A better approach is to be evangelistic in your discipleship. This is actually the way the very first small group operated. When Jesus started to build His small group he called to the disciples and said come follow me and I will make you fishers of men. Think about this: these men were not already disciples of Jesus. They were not even believers. They were, at best, good Jews. So Jesus went after the lost with the message of teaching them to reach other lost people. Jesus’ discipleship was not separate from evangelism. The two worked together to reach the community, region, and, ultimately, the ends of the earth with the gospel. If you are a Christian, then this method, starting with Jesus, worked to reach you!
How does this look in your ministry? You must build your ministry around a sustainable, kingdom-expanding discipleship model. This will look different depending on where you are doing ministry. In a rural area, you might make this happen through a traditional Sunday School model. If you are in a metro area, then a more organic, community group approach might work best. Regardless of the event itself, focus on evangelism (outward focused ministry) that happens in and through the discipleship (spiritual growth) process. Evangelistic discipleship will work to grow your student ministry in ways big events never will. Students will never look at discipleship as simply attaining knowledge. Likewise, they will never see evangelism as some program or strategy but as an outflow of natural discipleship. Just like Jesus did it.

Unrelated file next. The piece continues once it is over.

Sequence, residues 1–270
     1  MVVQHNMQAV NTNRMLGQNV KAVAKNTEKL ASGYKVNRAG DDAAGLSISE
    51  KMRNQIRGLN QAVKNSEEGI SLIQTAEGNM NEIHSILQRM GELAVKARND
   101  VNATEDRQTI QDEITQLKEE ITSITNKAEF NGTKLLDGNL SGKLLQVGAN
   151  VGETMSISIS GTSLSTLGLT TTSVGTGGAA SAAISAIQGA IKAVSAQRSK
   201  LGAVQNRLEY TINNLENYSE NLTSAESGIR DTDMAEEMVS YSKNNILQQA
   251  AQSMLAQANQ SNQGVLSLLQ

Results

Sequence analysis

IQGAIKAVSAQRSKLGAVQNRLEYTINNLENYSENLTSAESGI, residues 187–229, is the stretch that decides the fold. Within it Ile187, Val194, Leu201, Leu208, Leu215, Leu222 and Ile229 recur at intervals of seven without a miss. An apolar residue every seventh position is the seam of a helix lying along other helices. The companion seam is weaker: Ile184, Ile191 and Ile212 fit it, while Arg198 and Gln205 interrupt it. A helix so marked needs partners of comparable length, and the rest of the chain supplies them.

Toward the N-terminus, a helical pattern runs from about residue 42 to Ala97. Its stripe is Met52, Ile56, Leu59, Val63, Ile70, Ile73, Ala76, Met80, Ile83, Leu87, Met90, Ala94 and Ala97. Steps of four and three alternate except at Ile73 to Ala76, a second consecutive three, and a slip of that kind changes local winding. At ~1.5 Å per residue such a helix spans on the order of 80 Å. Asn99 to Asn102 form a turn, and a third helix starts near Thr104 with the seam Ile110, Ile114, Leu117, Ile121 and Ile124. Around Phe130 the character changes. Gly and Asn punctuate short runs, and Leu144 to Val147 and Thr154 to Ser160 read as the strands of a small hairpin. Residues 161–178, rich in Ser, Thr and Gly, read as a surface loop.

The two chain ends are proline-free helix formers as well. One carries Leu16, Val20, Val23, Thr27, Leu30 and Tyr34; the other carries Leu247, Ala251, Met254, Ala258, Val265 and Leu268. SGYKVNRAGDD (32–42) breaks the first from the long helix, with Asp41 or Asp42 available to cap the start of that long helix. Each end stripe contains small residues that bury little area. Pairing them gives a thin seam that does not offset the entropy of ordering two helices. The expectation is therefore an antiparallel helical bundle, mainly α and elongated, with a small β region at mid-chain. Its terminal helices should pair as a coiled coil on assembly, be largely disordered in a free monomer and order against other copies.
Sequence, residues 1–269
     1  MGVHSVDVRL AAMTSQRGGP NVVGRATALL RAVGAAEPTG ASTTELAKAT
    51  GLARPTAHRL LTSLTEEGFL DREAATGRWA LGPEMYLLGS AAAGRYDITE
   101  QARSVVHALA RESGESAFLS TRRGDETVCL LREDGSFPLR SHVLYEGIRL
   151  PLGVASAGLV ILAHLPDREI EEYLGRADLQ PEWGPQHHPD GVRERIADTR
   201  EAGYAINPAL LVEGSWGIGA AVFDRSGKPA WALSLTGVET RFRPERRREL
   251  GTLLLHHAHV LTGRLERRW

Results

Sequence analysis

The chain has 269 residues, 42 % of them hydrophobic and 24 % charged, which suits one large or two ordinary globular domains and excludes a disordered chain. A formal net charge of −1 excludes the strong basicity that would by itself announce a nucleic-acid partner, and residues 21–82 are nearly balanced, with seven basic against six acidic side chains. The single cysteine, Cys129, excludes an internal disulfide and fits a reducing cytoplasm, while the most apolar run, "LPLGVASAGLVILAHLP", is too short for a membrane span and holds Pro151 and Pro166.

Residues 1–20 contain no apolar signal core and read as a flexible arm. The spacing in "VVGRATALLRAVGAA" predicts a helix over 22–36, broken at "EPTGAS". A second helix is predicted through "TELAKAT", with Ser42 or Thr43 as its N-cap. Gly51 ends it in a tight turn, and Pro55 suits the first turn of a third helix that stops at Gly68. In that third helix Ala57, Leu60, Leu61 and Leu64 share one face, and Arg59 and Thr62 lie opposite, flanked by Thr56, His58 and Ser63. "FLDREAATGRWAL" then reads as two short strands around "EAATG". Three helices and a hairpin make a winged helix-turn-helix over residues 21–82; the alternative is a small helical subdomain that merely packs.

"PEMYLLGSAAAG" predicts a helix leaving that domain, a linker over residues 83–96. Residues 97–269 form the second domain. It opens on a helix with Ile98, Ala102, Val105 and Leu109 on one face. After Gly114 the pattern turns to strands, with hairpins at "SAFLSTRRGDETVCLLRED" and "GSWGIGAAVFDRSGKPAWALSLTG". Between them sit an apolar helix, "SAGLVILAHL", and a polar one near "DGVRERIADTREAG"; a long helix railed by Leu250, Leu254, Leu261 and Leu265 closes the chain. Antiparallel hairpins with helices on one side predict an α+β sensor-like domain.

2. Equipped and Unleashed Leadership. Are you a student pastor? Teacher? Believe it or not you are not called to do the work of the ministry by yourself. You are called to equip the Saints to do the work of the ministry. Check out Ephesians 4:11-12 for clarity on that calling. What this means for us is that we must maximize our role as equippers over our other roles. Sure, you may serve in various ways in your ministry, and that is just fine. Unless it interferes with your primary calling of equipping those in your church to do the work of the ministry.